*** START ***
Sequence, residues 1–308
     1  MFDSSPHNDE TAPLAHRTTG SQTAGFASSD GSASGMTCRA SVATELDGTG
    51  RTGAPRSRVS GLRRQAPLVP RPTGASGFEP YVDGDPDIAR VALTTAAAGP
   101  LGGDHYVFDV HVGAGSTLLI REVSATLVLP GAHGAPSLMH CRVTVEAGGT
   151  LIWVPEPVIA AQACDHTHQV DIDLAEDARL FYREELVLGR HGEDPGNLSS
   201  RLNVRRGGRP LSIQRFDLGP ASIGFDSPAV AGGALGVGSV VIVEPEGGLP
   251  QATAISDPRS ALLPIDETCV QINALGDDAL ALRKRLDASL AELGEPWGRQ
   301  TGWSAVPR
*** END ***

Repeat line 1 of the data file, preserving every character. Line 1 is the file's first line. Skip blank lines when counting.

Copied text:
Sequence, residues 1–308